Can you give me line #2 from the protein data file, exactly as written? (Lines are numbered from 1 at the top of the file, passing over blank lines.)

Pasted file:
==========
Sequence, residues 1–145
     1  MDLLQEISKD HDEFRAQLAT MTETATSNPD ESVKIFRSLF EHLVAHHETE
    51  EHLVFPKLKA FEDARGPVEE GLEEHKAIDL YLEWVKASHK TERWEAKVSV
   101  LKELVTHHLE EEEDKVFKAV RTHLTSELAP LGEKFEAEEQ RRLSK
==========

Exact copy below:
     1  MDLLQEISKD HDEFRAQLAT MTETATSNPD ESVKIFRSLF EHLVAHHETE